ment with that of the first Christian Chronologer, Theophilus, Bishop of Antioch, in A. D. 168, according to the representation of Abulfaragi, the celebrated Armenian annalist. And the rectified era of the Creation, B. C. 5411, furnished by both conjointly, forms the basis of the present system; which, if it be found just in its principles, and correct in its construction, will, he trusts, reconcile Sacred and Profane Chronology together more satisfactorily than any that has been hitherto submitted to the inspection of the learned.' Pref. pp. xv-xvii.

The work is intended to be comprized in three volumes, of which the first is now presented to the public. It embraces three parts; a copious Introduction, the Elements of Technical Chronology, and the Elements of Sacred Geography.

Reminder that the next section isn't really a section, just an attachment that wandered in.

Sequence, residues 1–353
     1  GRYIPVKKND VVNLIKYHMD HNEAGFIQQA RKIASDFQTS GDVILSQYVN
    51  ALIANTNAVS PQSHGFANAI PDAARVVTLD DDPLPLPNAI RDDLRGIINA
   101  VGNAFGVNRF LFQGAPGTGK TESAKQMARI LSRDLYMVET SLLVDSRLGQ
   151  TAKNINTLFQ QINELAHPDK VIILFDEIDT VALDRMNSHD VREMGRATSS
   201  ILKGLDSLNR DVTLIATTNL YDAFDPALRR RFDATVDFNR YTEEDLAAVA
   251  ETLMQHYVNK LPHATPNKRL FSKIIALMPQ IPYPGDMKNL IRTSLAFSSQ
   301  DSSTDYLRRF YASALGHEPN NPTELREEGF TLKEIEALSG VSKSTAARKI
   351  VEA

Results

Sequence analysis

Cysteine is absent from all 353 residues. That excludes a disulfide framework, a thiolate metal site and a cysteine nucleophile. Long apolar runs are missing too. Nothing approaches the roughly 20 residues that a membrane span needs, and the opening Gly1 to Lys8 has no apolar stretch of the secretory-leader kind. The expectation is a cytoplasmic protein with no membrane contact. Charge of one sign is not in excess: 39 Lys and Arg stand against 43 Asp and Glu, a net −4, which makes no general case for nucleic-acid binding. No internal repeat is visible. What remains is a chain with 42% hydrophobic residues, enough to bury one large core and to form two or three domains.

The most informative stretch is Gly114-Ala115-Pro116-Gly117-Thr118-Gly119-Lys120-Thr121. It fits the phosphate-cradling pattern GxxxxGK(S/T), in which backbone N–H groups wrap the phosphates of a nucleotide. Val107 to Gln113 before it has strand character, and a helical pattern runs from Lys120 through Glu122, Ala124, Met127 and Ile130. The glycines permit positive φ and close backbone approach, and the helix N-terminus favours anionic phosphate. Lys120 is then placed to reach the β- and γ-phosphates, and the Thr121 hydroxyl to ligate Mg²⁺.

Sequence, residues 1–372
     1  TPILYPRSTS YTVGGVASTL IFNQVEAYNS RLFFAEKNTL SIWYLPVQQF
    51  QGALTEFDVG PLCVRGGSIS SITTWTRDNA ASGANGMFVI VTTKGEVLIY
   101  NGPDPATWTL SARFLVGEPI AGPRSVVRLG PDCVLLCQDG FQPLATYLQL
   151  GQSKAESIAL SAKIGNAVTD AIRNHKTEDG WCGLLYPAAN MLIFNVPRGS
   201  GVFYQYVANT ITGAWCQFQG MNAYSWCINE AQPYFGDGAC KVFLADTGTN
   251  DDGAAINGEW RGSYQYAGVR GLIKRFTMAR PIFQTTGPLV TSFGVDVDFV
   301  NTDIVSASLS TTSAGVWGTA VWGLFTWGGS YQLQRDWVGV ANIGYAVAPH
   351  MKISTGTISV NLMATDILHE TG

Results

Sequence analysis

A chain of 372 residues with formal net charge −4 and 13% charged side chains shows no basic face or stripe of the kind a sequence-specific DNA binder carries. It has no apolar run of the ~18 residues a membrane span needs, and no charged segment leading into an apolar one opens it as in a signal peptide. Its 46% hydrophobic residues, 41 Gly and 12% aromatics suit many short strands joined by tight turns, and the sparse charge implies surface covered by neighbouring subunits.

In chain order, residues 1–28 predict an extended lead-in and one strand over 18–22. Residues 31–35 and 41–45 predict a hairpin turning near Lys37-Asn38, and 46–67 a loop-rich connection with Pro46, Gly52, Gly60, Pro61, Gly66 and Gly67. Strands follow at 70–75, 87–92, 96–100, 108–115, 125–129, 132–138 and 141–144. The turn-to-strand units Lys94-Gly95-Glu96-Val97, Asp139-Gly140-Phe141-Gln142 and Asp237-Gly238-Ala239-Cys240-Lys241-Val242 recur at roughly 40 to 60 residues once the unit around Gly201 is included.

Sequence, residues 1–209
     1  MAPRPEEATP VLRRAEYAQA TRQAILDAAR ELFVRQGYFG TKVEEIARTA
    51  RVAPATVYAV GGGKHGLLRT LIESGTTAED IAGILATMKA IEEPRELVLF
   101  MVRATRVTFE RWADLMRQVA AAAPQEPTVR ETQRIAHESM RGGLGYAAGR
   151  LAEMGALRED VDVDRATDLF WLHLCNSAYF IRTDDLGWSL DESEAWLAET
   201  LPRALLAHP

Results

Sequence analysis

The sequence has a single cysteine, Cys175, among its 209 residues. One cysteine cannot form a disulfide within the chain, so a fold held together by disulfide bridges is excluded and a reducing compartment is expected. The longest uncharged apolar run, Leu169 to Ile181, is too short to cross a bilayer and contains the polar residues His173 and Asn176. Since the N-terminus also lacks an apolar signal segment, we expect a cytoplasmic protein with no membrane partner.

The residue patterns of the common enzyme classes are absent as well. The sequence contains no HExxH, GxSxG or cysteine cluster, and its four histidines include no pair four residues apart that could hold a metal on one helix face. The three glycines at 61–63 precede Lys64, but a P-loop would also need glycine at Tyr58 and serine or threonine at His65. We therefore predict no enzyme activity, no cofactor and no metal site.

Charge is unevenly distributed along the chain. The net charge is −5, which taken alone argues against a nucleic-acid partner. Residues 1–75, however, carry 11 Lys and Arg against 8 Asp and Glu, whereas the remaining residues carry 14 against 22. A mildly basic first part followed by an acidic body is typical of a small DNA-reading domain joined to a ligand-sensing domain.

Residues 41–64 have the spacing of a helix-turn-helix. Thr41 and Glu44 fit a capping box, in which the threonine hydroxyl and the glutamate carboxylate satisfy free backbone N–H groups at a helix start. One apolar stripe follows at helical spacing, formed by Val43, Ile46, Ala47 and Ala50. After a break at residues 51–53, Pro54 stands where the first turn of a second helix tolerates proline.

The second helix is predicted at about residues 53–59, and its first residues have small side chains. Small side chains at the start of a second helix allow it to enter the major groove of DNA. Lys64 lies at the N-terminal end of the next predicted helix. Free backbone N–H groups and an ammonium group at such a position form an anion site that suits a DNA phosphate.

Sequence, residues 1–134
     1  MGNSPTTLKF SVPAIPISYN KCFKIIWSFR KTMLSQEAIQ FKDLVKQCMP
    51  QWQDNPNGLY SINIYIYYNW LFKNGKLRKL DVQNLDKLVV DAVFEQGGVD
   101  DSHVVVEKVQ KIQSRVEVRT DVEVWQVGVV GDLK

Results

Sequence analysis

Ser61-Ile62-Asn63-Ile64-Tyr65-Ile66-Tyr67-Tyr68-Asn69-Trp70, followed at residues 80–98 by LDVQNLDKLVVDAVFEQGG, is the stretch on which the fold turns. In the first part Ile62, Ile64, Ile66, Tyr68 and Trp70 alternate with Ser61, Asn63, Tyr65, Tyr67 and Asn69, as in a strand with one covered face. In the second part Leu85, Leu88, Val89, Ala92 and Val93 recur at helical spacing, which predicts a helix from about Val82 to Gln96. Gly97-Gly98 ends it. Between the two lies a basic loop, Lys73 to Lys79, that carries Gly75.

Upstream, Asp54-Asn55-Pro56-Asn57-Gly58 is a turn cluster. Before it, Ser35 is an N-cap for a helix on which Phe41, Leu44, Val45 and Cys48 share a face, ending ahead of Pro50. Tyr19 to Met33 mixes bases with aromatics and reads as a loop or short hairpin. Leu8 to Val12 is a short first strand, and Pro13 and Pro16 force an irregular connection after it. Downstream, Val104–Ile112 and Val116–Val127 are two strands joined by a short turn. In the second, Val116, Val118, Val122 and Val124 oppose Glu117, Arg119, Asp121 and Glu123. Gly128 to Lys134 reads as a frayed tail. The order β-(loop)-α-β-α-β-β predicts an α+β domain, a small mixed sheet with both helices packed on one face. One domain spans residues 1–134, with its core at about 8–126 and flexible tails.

The Introduction discusses, at great length, the present state of ancient chronology, and the means of its improvement; and these subjects furnish a division into two sections. The first is a review of epochs, eras, and periods, and of the leading systems of chronology. Under the former of these articles, synoptic tables are exhibited of the numerous and varying dates which have been assigned for the grand epochs of ancient history. This part would have been much increased in the value and interesting nature of its information, had the author adhered more closely to the example of the younger Frederic Spanheim. That admirable author has enriched the tables in his Chronologia Sacra with the fruits of his various knowledge and profound learning; so that their accessary, as well as direct usefulness, is much enhanced. The second article, on the different systems of ancient and modern chronologers, manifests considerable learning, acuteness, and promptitude, in stating and refuting the various hypotheses discussed. The chronological systems thus examined are, the common Jewish, with the variations of different parties and rabbis among that people, the systems of Joseph Justus Scaliger, of Petavius, of the illustrious primate Usher, of Sir J. Marsham, of Sir Isaac Newton, of Kennedy, of Playfair, and of Jackson. The most ample and important part of this discussion, is that devoted to the Newtonian chronology. In some former works, on Equations, on the doctrine of Fluxions, and other branches of the Newtonian philosophy and mathematics, Dr. Hales had shewn himself the admirer, illustrator, and defender of our great philosopher: but, notwithstanding his predilections, the inquiries he has instituted have compelled him to renounce the theory of the Chronology of Ancient Kingdoms. Very soon after the publication of that celebrated posthumous work, the indefatigable Arthur Bedford advanced some serious objections to the system, and shewed that it involved